Shopping Center Business

MAY 2018

Shopping Center Business is the leading monthly business magazine for the retail real estate industry.

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Page 180 of 270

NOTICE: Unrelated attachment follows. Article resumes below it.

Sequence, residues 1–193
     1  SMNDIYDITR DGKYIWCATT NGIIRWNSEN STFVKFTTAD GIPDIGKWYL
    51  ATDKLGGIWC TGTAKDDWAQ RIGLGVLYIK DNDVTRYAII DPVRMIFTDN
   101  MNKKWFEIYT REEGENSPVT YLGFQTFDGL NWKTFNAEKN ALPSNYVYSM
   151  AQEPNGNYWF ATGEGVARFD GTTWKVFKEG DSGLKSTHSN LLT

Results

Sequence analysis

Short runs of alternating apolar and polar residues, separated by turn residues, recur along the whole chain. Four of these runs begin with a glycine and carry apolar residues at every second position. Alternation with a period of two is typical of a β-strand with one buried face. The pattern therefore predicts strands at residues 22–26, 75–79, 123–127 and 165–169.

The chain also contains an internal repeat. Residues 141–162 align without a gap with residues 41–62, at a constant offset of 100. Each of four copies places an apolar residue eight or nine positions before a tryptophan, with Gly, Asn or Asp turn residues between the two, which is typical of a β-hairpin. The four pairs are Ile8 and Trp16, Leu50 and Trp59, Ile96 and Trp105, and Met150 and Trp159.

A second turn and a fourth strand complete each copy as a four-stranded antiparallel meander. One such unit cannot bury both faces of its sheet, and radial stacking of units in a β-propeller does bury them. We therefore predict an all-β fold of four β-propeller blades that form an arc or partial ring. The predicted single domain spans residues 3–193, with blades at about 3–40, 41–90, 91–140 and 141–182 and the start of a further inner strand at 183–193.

LANDSCAPE DESIGN 176 • SHOPPING CENTER BUSINESS • May 2018 A lthough e-commerce has prov- en to be a disruptive force in the shopping center universe, a majority of retail sales still take place in brick-and-mortar stores. According to the U.S. Census Bureau, e-commerce sales in the fourth quarter of 2017 accounted for 9.1 percent of total sales. But it takes more than a dynamic tenant mix to en- sure consumers are satisfied. The desire for experiences is rising, and consumers' expectations continue to evolve, so devel- opers must push the creative envelope to ensure these needs are met. From ground-up construction to rede- velopment and adaptive reuse, developers across the country are reimagining their mixed-use centers and creating an expe- rience for consumers through innovative landscape design. "We see landscape design as a vital part of the overall design vision," says Rohit Anand, managing principal with KTGY Architecture + Planning who is based in the firm's office in Tysons Corner, Virginia. "We look to facilitate dialogue and emotional engagement between the customer and the built environment in ways that express the story in authentic, emotional and memorable experiences." CREATING A SENSE OF PLACE Facilitating this connection with the consumer requires more than just plant- ing a few trees and flowers. "Plant materials are really just one of the tools that we're using," says Bob Hughes, principal with HGOR. The Atlanta-based architecture firm is leading the design of Assembly, a massive redevelopment of the former Doraville General Motors plant, located roughly 16 miles north of down- town Atlanta. At full build-out, the project could span up to 10 million square feet. "What we're really doing is creating place," says Hughes. "And the uniqueness of place and the authenticity of that place is really what brings people to it." The $1.5 billion project was built around integrating architectural elements from the remains of the historic automo- tive plant. From the roads people drive on down to the spaces they shop in, the existing fea- tures of the General Motors plant will be incorporated, says Chris Mutter, principal with HGOR. "We're going to reuse that material to create walls and different indi- vidual elements that people can touch and interact with down to the micro level." According to Matt Samuelson, chief operating officer of The Integral Group — the developer behind Assembly — the development team had an ongoing oper- ation to manufacture everything from re- cycled concrete slab to planters, benches and retaining walls. "From all things in its inception, all the way down to the end user, we've had a very broad sustainable strategy for the site," says Samuelson. A highlight of Assembly is a 16-acre park Mixed-Use Blossoms Through Innovative Landscape Design Unique elements create experiences for consumers, and drive traffic to retail centers across U.S. Camren Skelton A highlight of Assembly is a 16-acre park and greenspace that will include a stormwater system with bioswales, permeable paving and streetscapes and basin hardscape improvements.

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